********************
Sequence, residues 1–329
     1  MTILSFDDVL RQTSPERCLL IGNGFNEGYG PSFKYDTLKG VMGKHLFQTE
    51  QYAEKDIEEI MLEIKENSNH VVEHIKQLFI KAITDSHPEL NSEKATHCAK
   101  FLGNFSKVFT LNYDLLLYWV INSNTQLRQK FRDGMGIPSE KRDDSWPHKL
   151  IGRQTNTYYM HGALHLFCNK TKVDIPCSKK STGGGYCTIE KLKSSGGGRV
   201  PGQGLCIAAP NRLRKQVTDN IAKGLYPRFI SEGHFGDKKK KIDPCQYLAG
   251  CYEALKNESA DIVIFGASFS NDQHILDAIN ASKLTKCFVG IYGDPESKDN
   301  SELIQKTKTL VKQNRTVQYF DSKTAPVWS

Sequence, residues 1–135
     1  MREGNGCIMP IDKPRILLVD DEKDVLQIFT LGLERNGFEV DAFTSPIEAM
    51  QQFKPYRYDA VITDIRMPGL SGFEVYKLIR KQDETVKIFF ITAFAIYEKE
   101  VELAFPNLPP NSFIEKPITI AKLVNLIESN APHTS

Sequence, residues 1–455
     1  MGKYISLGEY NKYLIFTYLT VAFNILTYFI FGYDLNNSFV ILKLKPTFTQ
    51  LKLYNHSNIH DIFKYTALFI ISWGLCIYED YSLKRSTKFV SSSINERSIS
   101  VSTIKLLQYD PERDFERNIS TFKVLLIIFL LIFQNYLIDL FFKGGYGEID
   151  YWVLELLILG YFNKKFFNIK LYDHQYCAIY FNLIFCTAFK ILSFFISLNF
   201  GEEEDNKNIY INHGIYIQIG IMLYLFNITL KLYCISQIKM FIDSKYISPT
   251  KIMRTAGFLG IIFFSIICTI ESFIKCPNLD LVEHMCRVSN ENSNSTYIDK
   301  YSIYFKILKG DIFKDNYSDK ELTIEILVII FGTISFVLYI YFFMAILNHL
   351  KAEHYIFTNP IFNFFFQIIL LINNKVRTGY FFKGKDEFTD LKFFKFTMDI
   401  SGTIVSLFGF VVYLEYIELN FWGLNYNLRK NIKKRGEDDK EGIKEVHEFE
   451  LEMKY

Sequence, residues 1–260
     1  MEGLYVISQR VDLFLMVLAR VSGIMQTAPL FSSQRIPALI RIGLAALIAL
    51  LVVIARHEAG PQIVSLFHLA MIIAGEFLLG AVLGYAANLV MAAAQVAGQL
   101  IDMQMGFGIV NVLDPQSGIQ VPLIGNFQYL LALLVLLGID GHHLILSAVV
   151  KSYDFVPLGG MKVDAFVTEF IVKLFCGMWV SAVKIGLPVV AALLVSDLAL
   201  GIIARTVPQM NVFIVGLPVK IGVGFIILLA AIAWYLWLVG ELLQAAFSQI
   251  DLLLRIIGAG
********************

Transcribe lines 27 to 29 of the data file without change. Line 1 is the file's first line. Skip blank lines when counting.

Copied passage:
   101  IDMQMGFGIV NVLDPQSGIQ VPLIGNFQYL LALLVLLGID GHHLILSAVV
   151  KSYDFVPLGG MKVDAFVTEF IVKLFCGMWV SAVKIGLPVV AALLVSDLAL
   201  GIIARTVPQM NVFIVGLPVK IGVGFIILLA AIAWYLWLVG ELLQAAFSQI